Restaurateurs Tell Us Their Best Tips for Opening a Business
We talk to some of the nation’s top restaurateurs to find out the reality of running a restaurant or bar—and to get their advice on how to do it right.
Everyone has sat around with friends or family at one point or another and thought about how much fun it would be to open your own bar or restaurant. Think about it: you’d have all your friends come hang out with you when you’re at work, access to a massive bar to whip up cocktails at your leisure, the opportunity to get creative with concept and cuisine, and people ready to fill your pockets with money to do it all.
The reality, though, is a much different story. The behind-the-scenes problems are endless, and the rewards might not be what you’d thought. The Daily Beast talked to restaurateurs all over the country to find out what you should know before deciding to open up your own place.
It’s Work, Not Play
Are you opening up a restaurant because you think it’ll be a fun place to eat and drink with your friends?
That’s exactly the wrong reason.
“The big mistake is when people treat their food & beverage business like an extension of their living room,” says Joaquín Simó, of cocktail bar Pouring Ribbons, in New York City. “It shouldn't be a place for you and your friends to hang out and drink and eat for free.”
Not only that, but drinking through your bar or literally eating your way through your profits is good way to go out of business.
“Margins are pretty tight, even with excellent management, so being the main revenue drain will ensure your place will never actually be profitable,” says Simó.
Everything Is Your Job
Being a restaurateur isn’t all picking menus and chatting with patrons. Every single aspect of your business is your responsibility, even the things you don’t think of. Brian Poe owns three restaurants in the Boston area (Poe’s Kitchen at the Rattlesnake, The Tip Tap Room, and Bukowski Tavern Cambridge), and he says he can’t emphasize this point enough.
“Genuinely know that everything is now your responsibility,” says Poe. “Paper towels or toilet paper out in the ladies room? Your fault for not putting systems in place. Pipe bursts one block down the street draining two feet of ice water into the basement? Your responsibility. Delivery truck scratches neighbors car? Your job to assist in rectifying the issue.”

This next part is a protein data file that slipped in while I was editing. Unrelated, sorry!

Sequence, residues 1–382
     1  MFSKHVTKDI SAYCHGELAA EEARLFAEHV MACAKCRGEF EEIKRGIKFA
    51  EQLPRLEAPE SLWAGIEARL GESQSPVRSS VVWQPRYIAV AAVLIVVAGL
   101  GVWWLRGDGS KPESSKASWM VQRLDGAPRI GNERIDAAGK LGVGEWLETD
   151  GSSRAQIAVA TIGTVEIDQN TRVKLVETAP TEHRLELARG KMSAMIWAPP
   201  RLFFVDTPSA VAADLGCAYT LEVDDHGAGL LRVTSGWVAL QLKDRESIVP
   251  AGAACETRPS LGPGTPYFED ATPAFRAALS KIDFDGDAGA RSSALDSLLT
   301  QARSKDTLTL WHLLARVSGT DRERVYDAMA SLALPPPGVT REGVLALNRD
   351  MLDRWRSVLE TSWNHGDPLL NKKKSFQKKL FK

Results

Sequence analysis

This Will Become Your Whole Life
Owning a restaurant is a non-stop job, and it becomes all-consuming.
“Consider if [you] are ready to be working or at work for at least twelve hours a day, because that is what it takes as a small business owner,” says Valeria Taylor of Loba Pastry + Coffee in Chicago. “Work goes beyond business hours with marketing and ordering, managing, etc.”
With so much time devoted to keeping your business going, it leaves little for much else.
Taylor says to ask yourself, “How much time are [you] willing to sacrifice from [your] personal life? Maintaining your social life becomes very difficult when people with traditional work hours have to adjust to your schedule.”
Things Will Go Wrong, So Be Ready
Nothing will run smoothly, and you need to be in a financial position to be ready for the problems that will arise.
“If someone on your staff is injured and you have to pay extra overtime, or if the price of the liquor in your most popular drink shoots up by 30%, or a refrigerator goes down and needs to be replaced… These things happen all the time,” says St. John Frizell of Fort Defiance, in Brooklyn.
So, get ready.
Hire The Right People
One of the most important things you need to have are the right partners and staff to support you. Nicholas Starr of Las Vegas owns three establishments—The Martini, The Pint, and Bad Beat Brewing & Taproom—and tried and do it all himself.
That didn’t last.
“The importance of great coworkers and the ability to delegate is the most important thing I have learned,” says Starr. “When we first opened, I wanted to do everything. I was stubborn and going to burn myself out. With the properties being open 24 hours, it’s great and very reassuring knowing that my coworkers take pride in their job and operate as if I was onsite.”
Don’t Do It for the Money, Do It for the Passion
You’re not going to be rolling in dough as a restaurateur, and with all the other stresses, you just have to love it.
“Make sure you have absolute passion for the work, or else you won’t make it,” says Robert Kronfli, who co-owns several properties in the Los Angeles area (Bacaro, Bacari PDR, and Natures Brew Coffee). “Especially with the first location, there will be long hours and a very high level of commitment. The only way to work through it is if you have passion for the job.”